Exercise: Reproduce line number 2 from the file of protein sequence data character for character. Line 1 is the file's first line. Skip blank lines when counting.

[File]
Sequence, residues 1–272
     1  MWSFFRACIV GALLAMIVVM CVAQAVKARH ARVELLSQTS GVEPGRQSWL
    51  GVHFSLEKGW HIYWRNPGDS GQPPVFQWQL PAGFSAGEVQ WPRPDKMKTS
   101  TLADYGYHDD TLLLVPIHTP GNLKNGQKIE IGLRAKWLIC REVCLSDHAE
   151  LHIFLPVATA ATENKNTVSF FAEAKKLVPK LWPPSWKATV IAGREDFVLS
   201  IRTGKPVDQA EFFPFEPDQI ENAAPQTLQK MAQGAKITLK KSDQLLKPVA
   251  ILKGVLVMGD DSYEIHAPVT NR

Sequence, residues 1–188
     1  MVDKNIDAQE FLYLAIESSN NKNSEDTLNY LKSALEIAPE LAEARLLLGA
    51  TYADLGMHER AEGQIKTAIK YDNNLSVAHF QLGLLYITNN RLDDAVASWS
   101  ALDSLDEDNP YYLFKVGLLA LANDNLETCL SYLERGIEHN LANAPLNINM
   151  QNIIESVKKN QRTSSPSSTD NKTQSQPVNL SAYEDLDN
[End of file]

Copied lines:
     1  MWSFFRACIV GALLAMIVVM CVAQAVKARH ARVELLSQTS GVEPGRQSWL